Hearing loss and tinnitus are the most common disabilities among veterans, and they are more prevalent in those who have served in the military than the general public. When you serve in the military, you are given ear protection to wear, but that doesn’t necessarily mean you won’t be susceptible to hearing loss or a ringing in your ears, called tinnitus.
Good hearing is important for those serving in the military; soldiers need to be able to communicate with each other to ensure safety and effectiveness. They have to hear acoustic cues and communication signals. If they’re unable to hear, they are unable to choose the right actions. However, soldiers cannot just walk away from the noise they’re regularly exposed to.
It’s important to know the causes of hearing loss in the military, the types of hearing loss, what you can do for prevention and when to seek treatment from an ear specialist.
Causes of hearing loss in the military
Any extended exposure to sound levels above 85 dB can damage your hearing. Hearing loss can also occur after a single noise blast of 105 dB. This level of noise is common in the military, and hearing loss can occur over time or all of a sudden. Exposure to these noise levels damage hair cells in the inner ear, and once they’re damaged they cannot repair themselves.
Below are the decibel levels of specific sounds that cause hearing loss in the military.
Types of hearing loss in the military
Conductive and sensorineural hearing loss are the two main types of hearing loss we see in people who have served. Conductive hearing loss is when damage occurs in the middle ear and eardrum. This kind of hearing loss is often reversible. Sensorineural hearing loss is permanent damage to the inner and auditory nerve; it’s the most common type and hearing aids can help.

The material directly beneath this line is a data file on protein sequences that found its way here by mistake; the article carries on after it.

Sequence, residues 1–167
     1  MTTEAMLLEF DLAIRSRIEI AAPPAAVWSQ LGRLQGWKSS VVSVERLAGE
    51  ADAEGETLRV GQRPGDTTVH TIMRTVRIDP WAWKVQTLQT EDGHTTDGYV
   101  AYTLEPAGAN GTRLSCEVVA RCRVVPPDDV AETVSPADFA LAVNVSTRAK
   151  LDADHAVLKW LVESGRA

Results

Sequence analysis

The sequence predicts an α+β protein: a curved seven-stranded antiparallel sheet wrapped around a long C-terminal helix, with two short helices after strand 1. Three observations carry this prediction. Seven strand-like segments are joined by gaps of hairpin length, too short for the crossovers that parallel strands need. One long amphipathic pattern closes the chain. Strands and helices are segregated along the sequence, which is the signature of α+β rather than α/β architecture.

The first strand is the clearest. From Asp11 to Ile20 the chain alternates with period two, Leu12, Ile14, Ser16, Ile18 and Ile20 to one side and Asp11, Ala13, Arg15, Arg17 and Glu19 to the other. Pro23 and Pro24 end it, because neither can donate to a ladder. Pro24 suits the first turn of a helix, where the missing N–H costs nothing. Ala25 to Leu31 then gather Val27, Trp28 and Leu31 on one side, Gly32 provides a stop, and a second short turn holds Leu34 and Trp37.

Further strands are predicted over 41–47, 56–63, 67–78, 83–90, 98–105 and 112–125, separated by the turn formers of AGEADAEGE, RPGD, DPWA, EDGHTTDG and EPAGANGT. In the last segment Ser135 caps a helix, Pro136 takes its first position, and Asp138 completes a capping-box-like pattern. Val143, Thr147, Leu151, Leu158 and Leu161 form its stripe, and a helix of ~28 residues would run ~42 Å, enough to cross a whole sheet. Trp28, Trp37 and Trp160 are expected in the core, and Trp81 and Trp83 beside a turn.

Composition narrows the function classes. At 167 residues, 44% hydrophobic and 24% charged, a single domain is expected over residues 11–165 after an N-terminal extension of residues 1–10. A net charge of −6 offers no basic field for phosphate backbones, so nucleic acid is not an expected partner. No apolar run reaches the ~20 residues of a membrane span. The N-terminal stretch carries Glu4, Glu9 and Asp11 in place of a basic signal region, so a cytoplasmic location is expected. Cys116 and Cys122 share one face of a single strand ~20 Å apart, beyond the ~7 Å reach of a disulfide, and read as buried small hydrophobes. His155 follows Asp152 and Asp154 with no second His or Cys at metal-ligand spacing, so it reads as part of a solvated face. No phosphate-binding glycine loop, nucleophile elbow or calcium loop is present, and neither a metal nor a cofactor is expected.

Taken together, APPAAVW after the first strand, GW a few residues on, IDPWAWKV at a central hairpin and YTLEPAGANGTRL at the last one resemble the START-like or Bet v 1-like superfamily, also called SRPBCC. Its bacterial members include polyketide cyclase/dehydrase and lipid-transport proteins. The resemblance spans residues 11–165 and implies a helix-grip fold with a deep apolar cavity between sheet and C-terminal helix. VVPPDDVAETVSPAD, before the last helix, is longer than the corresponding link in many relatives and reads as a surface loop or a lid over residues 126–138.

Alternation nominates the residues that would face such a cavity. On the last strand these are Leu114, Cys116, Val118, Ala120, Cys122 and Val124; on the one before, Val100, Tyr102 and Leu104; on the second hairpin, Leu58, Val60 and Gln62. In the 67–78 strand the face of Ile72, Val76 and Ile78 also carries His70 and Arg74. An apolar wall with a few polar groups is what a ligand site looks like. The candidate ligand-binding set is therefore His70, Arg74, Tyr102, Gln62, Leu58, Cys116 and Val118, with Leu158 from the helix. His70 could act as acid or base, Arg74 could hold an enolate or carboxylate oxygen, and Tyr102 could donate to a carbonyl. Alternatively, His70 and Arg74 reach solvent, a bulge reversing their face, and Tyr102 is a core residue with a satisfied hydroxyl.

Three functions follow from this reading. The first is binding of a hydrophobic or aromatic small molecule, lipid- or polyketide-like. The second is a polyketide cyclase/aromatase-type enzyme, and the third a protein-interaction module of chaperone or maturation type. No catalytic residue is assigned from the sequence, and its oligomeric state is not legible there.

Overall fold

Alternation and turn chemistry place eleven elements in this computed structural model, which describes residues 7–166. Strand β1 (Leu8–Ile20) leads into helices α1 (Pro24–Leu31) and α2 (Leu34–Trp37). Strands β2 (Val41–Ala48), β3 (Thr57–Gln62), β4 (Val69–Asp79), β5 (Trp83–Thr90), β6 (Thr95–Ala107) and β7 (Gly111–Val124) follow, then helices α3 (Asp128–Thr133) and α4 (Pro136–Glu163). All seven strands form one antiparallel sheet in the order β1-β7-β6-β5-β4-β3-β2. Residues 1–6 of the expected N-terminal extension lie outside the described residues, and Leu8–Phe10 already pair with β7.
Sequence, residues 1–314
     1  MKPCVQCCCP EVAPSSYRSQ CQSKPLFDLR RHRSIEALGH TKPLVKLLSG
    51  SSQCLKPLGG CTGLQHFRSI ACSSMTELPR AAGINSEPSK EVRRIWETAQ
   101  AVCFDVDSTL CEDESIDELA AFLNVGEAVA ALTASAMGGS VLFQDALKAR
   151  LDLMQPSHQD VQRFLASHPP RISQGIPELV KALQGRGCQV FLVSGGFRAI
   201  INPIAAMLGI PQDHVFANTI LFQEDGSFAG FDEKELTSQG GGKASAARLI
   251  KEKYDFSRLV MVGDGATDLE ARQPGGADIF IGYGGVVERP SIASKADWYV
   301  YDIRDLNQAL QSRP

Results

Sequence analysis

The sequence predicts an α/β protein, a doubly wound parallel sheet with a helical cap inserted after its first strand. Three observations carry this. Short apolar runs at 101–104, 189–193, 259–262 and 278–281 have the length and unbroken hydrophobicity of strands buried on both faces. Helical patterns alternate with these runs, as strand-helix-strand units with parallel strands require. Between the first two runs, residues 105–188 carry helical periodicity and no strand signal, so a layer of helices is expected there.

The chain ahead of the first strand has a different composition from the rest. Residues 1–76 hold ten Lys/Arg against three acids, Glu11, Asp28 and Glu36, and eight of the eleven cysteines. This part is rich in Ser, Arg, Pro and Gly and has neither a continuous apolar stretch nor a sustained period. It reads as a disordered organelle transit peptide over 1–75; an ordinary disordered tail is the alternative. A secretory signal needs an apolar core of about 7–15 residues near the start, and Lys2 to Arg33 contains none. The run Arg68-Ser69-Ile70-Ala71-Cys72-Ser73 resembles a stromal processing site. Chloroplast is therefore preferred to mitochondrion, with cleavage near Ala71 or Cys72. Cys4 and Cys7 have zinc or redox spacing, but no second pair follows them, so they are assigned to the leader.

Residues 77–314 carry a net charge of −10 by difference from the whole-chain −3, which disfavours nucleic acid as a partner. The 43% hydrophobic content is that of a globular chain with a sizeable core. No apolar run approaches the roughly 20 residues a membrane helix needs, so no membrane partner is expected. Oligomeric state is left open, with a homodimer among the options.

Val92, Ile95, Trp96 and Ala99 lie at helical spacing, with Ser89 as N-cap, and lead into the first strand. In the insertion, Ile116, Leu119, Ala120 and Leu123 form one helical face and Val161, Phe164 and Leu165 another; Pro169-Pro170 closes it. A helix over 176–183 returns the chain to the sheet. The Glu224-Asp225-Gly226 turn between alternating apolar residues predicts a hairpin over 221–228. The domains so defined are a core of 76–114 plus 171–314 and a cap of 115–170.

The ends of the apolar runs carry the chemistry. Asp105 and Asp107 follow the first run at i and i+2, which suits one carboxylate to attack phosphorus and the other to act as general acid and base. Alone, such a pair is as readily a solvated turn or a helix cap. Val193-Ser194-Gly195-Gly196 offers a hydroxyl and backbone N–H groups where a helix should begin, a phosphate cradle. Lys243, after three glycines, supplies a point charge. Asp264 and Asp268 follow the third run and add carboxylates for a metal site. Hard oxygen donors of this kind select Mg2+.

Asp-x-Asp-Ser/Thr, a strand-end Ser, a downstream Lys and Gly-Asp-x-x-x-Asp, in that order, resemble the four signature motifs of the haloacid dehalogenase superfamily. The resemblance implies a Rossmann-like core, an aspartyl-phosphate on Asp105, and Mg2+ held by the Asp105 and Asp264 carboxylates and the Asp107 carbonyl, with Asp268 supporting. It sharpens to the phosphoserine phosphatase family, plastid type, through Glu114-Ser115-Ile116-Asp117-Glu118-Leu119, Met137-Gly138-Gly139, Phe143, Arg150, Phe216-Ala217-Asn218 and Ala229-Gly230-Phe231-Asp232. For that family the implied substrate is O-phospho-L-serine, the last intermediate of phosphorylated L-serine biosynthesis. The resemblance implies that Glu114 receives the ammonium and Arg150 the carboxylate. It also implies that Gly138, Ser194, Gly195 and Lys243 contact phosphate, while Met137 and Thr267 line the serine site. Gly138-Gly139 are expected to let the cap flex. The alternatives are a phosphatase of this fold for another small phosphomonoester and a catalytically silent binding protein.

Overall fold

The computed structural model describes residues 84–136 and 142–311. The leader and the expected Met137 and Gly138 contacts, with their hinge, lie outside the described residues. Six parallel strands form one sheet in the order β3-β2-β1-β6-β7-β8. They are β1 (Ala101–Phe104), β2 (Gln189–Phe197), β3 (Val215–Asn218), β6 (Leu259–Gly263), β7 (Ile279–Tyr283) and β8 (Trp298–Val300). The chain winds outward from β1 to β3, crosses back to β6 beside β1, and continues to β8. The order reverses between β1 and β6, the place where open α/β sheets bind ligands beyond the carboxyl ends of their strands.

Noise-induced hearing loss can show up suddenly or develop over time, as can tinnitus. Veterans may also experience a ringing or buzzing sound in their ears, which only they can hear. This can cause difficulty in sleeping and concentrating. They can also suffer from auditory processing disorder, making it difficult for them to understand speech, even though they score normally on hearing tests. This can happen after being exposed to a large blast.
Symptoms and signs of hearing loss include: the ringing in the ears associated with tinnitus, difficulty understanding conversations in loud environments, a hard time talking on the phone, having to ask others to speak up or repeat themselves, hypersensitivity to certain sounds, problems hearing high-pitched sounds like birds chirping, a hard time distinguishing between different sounds and consistently turning up the volume.
Preventing hearing loss in the military
Wearing proper hearing protection while in active duty can reduce the risk of hearing loss. Hearing protection includes foam earplugs, noise muffs, tactical communication and protective system (TCAPS) equipment, tactical earplugs and triple and quad-flange earplugs. Veterans should take breaks when in noisy places or doing noisy activities such as attending concerts or mowing the lawn. Getting regular hearing checks to ensure your condition doesn’t get worse is a good idea. Early treatment is best.
Seek treatment from an ear specialist
An ear specialist can help you manage your tinnitus, find out the degree of your hearing loss, determine the type of hearing loss you have and come up with a treatment plan catered to your lifestyle. If you or a loved one are experiencing symptoms of hearing loss due to serving in the military, contact us today. We’re a veteran owned and operated, and we would love to help!